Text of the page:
Insightsthe blog of Porter Hills
Andrea Van Beek, EMT-P, RN – Porter Hills Home Care
Click here to watch the WZZM13 Senior Wellness segment on this topic.
February is American Heart Month. Heart disease is the primary cause of death in the United States for both men and women, claiming almost 1 million lives annually.
Our heart is the size of your fist and carries oxygenated blood to organs, tissues, and other blood vessels. As we age, these blood vessels become “stiff” and fatty deposits begin to build up causing them to narrow. Strokes, heart attacks, and blood clots in legs and lungs are all outcomes of narrowing vessels due to age and poor heart health.
What are some of the ways we can take care of our hearts as we age?
You have ONE unique and amazing heart. Even if we have had some challenges, it is never too late to take care of our hearts.
There are four simple lifestyle changes that we can address:
1. Become a food fanatic
Foods you should include in your diet:
- Lean meat, chicken or fish
- Fresh fruits and vegetables
- Whole grains and legumes
- Healthy fats such as almonds or avocados
Foods to avoid:
- Foods high in cholesterol like red meats and high-fat dairy products
- Fried food, such as French fries or fried chicken
- Fast food
- Processed foods such as frozen dinners – very often seniors turn to this food if they are eating alone.
- Sodium, which increases blood pressure causing the heart to pump harder. It is found in high levels in canned foods such as soup and vegetables
Watch portion sizes and keep everything in moderation
- Consult with your physician to come up with an exercise plan.
- Make exercise a part of your daily routine.
- Swim, walk, or find a group exercise program that will help you stay committed.
- Start or join a walking group on MeetUp.com.
- YMCA’s in the area offer Active Older Adult (AOA) programs for individuals 55 and older. Some YMCA’s also offer Healthy Heart preventative programs for individuals who are already diagnosed with heart disease. Upon having a medical release from your physician, your blood pressure is monitored by a nurse or EMT during your exercise sessions.
3. Medication Management
57 – 63% of individuals who use prescription drugs regularly admit that they forget to take their medications. How can you decrease risk of heart attack or stroke?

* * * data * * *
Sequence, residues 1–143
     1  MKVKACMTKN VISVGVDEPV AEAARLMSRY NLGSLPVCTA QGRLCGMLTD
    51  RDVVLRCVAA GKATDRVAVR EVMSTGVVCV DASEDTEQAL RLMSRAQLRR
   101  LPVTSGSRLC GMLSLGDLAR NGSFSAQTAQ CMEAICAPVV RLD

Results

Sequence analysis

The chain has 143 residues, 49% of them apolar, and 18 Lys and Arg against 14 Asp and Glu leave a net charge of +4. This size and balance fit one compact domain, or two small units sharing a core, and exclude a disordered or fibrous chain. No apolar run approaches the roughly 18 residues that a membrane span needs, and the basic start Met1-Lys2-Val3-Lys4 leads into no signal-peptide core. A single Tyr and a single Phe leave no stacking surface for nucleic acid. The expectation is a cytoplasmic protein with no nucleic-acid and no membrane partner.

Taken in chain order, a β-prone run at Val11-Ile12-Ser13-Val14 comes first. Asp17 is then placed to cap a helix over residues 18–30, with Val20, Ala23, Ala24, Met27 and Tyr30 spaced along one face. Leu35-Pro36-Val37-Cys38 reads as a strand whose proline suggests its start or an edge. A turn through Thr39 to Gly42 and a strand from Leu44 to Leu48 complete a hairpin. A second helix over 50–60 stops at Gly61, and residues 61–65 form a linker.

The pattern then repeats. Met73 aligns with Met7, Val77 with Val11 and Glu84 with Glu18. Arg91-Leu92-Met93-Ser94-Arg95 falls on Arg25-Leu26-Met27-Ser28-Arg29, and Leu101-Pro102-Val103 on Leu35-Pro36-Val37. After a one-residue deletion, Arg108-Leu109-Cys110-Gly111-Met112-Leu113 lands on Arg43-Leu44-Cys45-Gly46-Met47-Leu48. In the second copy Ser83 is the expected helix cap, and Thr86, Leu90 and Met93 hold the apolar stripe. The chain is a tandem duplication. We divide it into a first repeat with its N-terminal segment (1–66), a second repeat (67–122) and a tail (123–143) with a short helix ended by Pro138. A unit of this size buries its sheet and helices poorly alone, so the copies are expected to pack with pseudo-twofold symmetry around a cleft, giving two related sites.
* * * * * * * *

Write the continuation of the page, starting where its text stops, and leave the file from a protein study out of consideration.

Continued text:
- Take meds on time as prescribed by your physician
- Set an alarm or reminder
- Find a medication box that allows you to set up medications for one week or a month.
- Contact an organization or agency that may be able to provide assistance with setting up your medication box or dispenser.
- If money is a barrier with obtaining your medications, please let your physician or pharmacist know immediately, so they can assist you in finding low cost alternatives.
4. Break Bad Habits
- Quit Smoking – Smoking decreases your ability to exercise, increases your blood pressure and the ability for your blood to clot. It’s never too late to quit, and there are many resources available to help you. Go to www.smokefree.gov to download an app to assist you in your desire to quit.
- Decrease your alcohol intake – Excessive intake of alcohol can cause obesity, high blood pressure, stroke, and sudden cardiac death. The American Heart Association recommends moderation. This means an average of one to two drinks per day for men and one drink per day for women.”
You can breathe without a lung, you can function without a kidney or spleen, but you have ONE amazing heart…it makes everything in your body run. In February as we celebrate American Heart Month, pick up the pace, eat your veggies, know your medications, and be STRONG in your fight against heart disease.